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A study published January 27, 2022 by Stanford University researchers shows gas-burning stoves are even worse for the climate and human health than previously thought. (Photo: Andrea Todaro/EyeEm)

Gas Stoves Even Worse for Climate, Health Than Previously Thought

New study shows methane leaks from U.S. gas-burning stoves have a climate impact comparable to emissions from about 500,000 cars.

Jessica Corbett

As policymakers across the United States consider bans on gas hookups in new construction, Stanford University researchers revealed Thursday that gas-burning cook stoves—coveted by many homeowners—are even worse for the global climate and human health than previously thought.

"Gas stoves warm the planet and release indoor air pollutants that you breathe—you get both."

"Surprisingly, there are very few measurements of how much natural gas escapes into the air from inside homes and buildings through leaks and incomplete combustion from appliances," said Eric Lebel, the new study's lead author, in a statement.

"It's probably the part of natural gas emissions we understand the least about," Lebel added, "and it can have a big impact on both climate and indoor air quality."

The study, published in the journal Environmental Science & Technology, focuses on the impacts of the potent planet-heating gas methane as well as nitrogen oxides, air pollutants that can trigger respiratory diseases.

As study co-author Rob Jackson told Bloomberg: "Gas stoves warm the planet and release indoor air pollutants that you breathe—you get both."

Outlawing gas service for new homes makes sense, "otherwise we're locking in greenhouse gas emissions for decades to come," he said. "The trickier question is how to swap out older stoves."

As municipalities and state governments move to restrict gas use, the fossil fuel industry has launched "local anti-electrification campaigns" and worked "aggressively" with state legislatures on laws that block cities from implementing cleaner building codes, Mother Jones reported last year. Additionally, "for decades, sleek industry campaigns have portrayed gas stoves—like granite countertops, farm sinks, and stainless-steel refrigerators—as a coveted symbol of class and sophistication, not to mention a selling point for builders and real estate agents."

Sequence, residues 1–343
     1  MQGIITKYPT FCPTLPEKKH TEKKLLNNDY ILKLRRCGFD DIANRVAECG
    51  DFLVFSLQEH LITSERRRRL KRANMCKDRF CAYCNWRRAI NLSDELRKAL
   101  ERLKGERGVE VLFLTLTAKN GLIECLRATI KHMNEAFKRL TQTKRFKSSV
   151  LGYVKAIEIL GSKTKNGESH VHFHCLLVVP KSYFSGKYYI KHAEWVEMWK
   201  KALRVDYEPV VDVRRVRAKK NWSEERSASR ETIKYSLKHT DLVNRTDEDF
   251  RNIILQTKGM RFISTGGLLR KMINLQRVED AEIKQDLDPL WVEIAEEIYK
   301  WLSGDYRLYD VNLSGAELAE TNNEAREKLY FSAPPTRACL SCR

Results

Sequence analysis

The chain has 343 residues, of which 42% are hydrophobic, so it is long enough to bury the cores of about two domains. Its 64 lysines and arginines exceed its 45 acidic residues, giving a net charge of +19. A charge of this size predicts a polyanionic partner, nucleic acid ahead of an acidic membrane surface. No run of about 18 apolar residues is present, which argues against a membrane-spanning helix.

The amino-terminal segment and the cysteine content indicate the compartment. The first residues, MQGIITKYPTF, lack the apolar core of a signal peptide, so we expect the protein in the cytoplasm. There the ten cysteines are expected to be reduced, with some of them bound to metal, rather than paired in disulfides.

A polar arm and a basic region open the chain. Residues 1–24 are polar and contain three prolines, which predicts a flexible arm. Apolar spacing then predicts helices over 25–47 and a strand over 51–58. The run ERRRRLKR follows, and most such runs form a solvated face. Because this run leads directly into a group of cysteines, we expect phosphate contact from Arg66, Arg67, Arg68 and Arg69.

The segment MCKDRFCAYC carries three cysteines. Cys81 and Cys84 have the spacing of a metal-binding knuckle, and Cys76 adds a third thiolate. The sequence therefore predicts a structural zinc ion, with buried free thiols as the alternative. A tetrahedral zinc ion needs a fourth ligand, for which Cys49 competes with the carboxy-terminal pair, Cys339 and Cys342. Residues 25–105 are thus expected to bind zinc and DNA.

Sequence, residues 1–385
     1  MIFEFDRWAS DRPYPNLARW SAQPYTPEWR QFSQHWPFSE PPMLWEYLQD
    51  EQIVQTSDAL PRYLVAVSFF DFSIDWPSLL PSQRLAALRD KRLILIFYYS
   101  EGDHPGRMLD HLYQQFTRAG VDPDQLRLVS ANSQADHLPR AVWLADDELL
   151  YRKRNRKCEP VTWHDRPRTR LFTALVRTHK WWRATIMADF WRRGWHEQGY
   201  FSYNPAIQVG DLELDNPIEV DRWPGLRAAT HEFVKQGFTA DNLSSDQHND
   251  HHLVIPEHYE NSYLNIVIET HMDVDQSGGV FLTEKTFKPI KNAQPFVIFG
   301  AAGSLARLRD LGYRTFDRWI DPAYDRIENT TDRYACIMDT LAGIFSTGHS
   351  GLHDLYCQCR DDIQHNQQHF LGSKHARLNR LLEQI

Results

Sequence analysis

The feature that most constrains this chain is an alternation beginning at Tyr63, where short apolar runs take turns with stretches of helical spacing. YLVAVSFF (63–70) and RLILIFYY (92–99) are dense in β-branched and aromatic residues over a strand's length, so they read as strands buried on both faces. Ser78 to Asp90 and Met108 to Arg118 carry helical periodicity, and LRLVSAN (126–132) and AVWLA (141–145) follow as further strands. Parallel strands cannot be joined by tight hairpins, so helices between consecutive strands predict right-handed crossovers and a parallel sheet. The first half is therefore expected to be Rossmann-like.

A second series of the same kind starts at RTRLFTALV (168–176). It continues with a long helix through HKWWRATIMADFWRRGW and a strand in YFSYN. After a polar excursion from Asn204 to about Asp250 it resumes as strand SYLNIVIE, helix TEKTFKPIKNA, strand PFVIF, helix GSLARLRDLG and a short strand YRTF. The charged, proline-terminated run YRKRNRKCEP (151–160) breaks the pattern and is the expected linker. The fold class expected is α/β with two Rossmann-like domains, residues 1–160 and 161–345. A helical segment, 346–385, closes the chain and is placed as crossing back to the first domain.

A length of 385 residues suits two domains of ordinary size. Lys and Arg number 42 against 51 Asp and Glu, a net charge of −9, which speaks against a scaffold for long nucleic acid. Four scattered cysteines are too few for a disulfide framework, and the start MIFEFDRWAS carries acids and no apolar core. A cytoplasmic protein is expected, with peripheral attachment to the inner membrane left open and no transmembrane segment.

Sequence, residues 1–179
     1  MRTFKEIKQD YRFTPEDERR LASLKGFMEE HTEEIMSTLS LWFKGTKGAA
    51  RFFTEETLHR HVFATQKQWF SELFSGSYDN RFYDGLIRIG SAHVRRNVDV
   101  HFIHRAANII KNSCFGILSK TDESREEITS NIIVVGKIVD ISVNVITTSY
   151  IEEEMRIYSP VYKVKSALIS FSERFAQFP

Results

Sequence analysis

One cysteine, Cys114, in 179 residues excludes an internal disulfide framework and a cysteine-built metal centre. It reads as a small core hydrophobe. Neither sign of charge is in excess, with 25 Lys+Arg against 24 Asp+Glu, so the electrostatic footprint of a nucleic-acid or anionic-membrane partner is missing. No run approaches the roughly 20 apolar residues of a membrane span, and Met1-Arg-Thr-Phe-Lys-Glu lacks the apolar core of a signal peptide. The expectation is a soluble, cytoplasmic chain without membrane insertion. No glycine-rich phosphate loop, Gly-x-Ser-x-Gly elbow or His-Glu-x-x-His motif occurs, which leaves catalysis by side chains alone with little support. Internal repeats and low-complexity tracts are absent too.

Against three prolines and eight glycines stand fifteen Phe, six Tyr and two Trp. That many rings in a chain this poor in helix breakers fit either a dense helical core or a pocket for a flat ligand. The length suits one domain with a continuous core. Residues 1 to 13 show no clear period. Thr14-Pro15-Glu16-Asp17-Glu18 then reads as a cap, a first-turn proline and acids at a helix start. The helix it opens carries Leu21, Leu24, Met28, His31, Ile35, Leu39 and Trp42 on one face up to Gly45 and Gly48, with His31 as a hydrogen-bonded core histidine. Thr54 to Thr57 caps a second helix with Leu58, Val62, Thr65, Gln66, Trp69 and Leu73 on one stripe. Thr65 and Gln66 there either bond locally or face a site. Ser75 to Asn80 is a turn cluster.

The Stanford study notes that over one-third of U.S. households—or about 40 million homes—cook with gas, and "in some states, the proportion is substantially higher; over 60% of households in California cook with gas, for instance."

The researchers measured the methane—which is over 80 times more potent than carbon dioxide for a 20-year period—in 53 California home kitchens when appliances were on and off. They examined 18 brands of gas cooktops and stoves that ranged from three to 30 years old.

"They're constantly bleeding a little bit of methane into the atmosphere all the time," Jackson told the Associated Press, explaining that 76% of the methane leaks were recorded when the appliances were off, which are emissions that the U.S. government doesn't consider.

According to the AP:

Jackson estimated that when all natural gas use and extraction is taken into account, about 100 million tons (91 million metric tons) of gas leaks into the atmosphere. And the couple million tons from gas stoves "is meaningful. That's a substantial part and it's a part that we haven't included accurately in the past."

"Using a 20-year timeframe for methane," the study states, "annual methane emissions from all gas stoves in U.S. homes have a climate impact comparable to the annual carbon dioxide emissions of 500,000 cars."

In a Stanford video about the study, Lebel said that "targeting the emissions from natural gas appliances is one of the low-hanging fruits that we have" to reduce methane levels.

"The mere existence of these gas stoves [is] really driving the emissions," he added. "It's not how much they're used, but it's the number of them and the leakiness of the stove while its off."

The researchers also measured emissions of nitrogen oxides—which can cause difficulty breathing and other health effects—from 32 cooktops and 24 ovens.

The U.S. Environmental Protection Agency does not have indoor air quality standards for nitrogen oxides, but the researchers found that the government's 100 parts per billion limit for one hour of outdoor exposure is "regularly exceeded if stoves are used without adequate indoor ventilation," such as not having a hood or not turning it on while cooking.

"I don't want to breathe any extra nitrogen oxides, carbon monoxide, or formaldehyde," Jackson said in a statement. "Why not reduce the risk entirely? Switching to electric stoves will cut greenhouse gas emissions and indoor air pollution."


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